TORONTO - In a battle of research consulting firms, Nordicity has fired back at Canadian Media Research Inc.'s Barry Kiefl for his recent blog that was critical of its ad research for CBC. The blog was written last month by Kiefl who was formerly research director at CBC for nearly 20 years until he left in 2001.
In November of 2011, international consulting firm Nordicity released an assessment on the impact of removing advertising from CBC/Radio-Canada. The report, entitled Why Advertising on CBC/Radio-Canada is Good Public Policy and commissioned by the CBC, concluded that “Removing ads from CBC/Radio-Canada’s services would result in a significant reduction of Canadian content and have serious consequences for both the independent production sector and advertisers.”
As first reported by Cartt.ca, the study estimated that ending advertising on CBC/Radio-Canada would produce a net financial impact of $533 million, including a $160 million reduction in Canadian programming expenditures.
Kiefl posted a blog this past September 5th, entitled “CBC TV: Domino Effect Snowballing into a Chain Reaction” that questioned Nordicity’s research findings since the study made “no reference to the most obvious effect of eliminating ads, i.e., the effect on CBC radio services, which have already seen budgets cut to support CBC TV.”
Kiefl noted that the CBC, according to Nordicity, generated the smallest audience for public monies spent of all the public broadcasters they examined. He wrote that when ad revenues were included, CBC did no better.
“Why then does CBC have ads, if advertising revenue does not improve and may be detrimental to audience performance?” asks Kiefl in his blog.
Nordicity in a news release, doesn’t directly respond to Kiefl’s basic question, but does claim that Kiefl’s blog is based on “erroneous information and makes factual errors,” including the following:
•Your article states “Nordicity dismisses PBS as a model for CBC to emulate because of its puny 1.3% audience.” Quite to the contrary, audience is a secondary concern of our analysis. The primary concern is clearly stated in conclusion #4 on page 13: “The PBS operating structure, revenue model, and program production financing could not be readily replicated in Canada.”
•Your article implies we misled readers about PBS’s viewing level: “The Nordicity report refers numerous times to audience share and then slips in the reference to PBS's 1.3% … Well, the 1.3% is PBS’s prime time household rating.” In fact, we clearly state on page 13 of the report that PBS has a 1.3% rating: “Its [PBS’s] primetime ratings for US networks … is still only 1.3%.”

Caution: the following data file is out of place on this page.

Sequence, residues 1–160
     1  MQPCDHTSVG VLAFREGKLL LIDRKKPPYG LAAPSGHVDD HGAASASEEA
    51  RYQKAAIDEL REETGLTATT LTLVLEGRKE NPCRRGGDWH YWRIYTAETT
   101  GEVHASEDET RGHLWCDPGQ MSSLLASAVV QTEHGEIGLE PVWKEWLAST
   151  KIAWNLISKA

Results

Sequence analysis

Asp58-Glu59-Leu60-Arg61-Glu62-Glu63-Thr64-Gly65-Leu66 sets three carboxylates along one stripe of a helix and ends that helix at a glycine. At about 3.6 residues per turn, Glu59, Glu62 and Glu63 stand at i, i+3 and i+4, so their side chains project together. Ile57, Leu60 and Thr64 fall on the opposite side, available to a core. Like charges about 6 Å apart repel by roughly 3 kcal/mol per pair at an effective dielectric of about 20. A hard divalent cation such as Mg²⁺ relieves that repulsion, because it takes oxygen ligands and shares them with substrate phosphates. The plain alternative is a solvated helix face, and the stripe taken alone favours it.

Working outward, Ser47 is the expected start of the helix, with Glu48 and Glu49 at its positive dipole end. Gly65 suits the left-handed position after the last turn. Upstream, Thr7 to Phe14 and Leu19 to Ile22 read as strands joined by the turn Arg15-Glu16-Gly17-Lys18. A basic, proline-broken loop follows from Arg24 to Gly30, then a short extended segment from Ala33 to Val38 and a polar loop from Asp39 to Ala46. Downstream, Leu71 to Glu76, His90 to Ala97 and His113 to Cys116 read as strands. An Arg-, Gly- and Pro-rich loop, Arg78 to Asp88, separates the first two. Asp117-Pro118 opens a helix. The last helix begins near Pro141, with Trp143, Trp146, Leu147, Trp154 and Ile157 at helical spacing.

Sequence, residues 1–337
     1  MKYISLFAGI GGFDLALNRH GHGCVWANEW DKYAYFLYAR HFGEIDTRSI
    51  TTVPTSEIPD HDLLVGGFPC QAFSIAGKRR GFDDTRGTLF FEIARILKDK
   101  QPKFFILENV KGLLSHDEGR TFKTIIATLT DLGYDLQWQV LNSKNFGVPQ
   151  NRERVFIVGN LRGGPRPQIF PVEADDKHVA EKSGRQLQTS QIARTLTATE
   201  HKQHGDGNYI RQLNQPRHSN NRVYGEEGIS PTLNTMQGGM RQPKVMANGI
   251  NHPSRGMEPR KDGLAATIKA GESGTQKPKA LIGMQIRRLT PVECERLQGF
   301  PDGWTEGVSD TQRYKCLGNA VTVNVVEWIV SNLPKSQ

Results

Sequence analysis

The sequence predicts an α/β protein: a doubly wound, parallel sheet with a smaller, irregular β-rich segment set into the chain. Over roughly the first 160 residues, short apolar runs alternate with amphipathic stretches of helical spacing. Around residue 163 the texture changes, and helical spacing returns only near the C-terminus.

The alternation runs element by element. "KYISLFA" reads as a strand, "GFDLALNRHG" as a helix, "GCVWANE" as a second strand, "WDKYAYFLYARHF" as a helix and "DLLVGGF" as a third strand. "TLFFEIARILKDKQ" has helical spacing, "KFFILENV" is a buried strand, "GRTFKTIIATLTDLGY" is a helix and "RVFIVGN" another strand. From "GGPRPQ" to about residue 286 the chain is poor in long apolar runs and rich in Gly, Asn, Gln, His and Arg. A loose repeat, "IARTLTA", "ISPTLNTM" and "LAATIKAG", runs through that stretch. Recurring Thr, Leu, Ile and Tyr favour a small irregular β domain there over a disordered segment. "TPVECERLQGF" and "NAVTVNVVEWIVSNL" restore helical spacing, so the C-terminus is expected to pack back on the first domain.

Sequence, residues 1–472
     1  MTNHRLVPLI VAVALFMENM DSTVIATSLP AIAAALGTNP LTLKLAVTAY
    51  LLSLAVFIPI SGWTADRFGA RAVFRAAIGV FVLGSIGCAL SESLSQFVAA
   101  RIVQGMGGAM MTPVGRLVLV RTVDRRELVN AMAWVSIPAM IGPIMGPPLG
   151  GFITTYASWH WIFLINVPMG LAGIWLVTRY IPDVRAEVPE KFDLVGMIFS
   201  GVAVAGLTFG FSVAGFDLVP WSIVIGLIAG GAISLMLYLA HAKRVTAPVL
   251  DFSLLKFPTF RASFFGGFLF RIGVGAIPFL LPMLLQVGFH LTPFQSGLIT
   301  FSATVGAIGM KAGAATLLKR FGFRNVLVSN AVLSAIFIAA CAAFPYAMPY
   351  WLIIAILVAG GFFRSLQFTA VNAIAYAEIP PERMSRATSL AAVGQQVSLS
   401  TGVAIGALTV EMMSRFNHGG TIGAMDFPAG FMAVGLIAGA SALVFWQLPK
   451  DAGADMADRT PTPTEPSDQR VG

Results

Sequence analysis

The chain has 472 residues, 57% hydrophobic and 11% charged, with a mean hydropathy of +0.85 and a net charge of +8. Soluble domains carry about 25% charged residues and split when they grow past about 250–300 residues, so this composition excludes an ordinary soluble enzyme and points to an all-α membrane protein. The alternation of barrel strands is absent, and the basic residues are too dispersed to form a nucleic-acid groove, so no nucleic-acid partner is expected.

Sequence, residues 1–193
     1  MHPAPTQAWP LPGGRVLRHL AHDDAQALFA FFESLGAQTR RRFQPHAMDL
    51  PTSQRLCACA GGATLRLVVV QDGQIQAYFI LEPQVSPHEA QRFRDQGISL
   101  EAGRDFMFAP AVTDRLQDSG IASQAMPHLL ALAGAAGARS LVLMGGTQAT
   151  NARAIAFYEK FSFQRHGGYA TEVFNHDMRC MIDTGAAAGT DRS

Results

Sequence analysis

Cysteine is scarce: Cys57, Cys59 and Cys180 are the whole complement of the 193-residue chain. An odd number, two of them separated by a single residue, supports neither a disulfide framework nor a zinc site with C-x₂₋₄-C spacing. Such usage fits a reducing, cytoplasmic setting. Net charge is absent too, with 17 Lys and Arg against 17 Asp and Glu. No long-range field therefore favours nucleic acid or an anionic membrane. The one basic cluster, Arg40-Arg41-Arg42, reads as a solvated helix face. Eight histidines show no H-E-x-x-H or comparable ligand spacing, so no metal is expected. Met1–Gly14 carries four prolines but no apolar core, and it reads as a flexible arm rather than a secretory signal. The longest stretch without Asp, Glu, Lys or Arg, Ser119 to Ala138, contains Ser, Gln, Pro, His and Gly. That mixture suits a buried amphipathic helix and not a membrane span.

•Your article states that: “Since only about 35% of people are watching TV in the average minute of prime time, a 1.3% rating translates into a share of almost 4% (i.e., 1.3%/35%). That is not much different than CBC TV's current share.” In fact, CBC TV’s prime time audience share is double, which in audience terms is a very significant difference.
•You suggest that we were negligent by overlooking a key data source: “The actual cost of CBC sales and promotion was reported by the CRTC to be in excess of $136 million in 2011, data overlooked in Nordicity's report.” In fact, we cited the CRTC as a source for our estimate in our report on page 16, Table 1.
In addition to the factual misrepresentations of its work, Nordicity charges that Kiefl makes “basic audience research errors and misrepresent[s]” his own survey data. It cites:
•Throughout your article you make statements about the views and opinions of Canadians based on your CMRI survey. Your survey cannot purport to state any facts about Canadians, since your survey is of “900 Anglophone respondents” and by definition excludes all francophone Canadians.
Nordicity concludes that “anyone can formulate positions that represent different views of the same observed information, we are confused by many of your interpretations.” It cites the following examples:
•You state that the CRTC would insist that all or a substantial portion of the additional advertising revenues accruing to private broadcasters (in the scenario of elimination of CBC advertising) be spent on Canadian content. However, your opinion contradicts the historical behaviour of the private broadcasters which have opposed any increase in their conditions of licence - much less spontaneously investing in Canadian content.
•In your article, you indicate that “CBC rates are lower than those for private stations" and "CBC undercuts the rates of private TV stations." Yes, in general CBC rates are lower, but the objective of sales managers in CBC/Radio-Canada - which include some of the brightest talent from private broadcasting - is to maximize advertising dollars based on ratings on prime properties such as Hockey Night in Canada. Lacking the top-rated prime time US shows, CBC gets market rates that are commensurate with its ratings.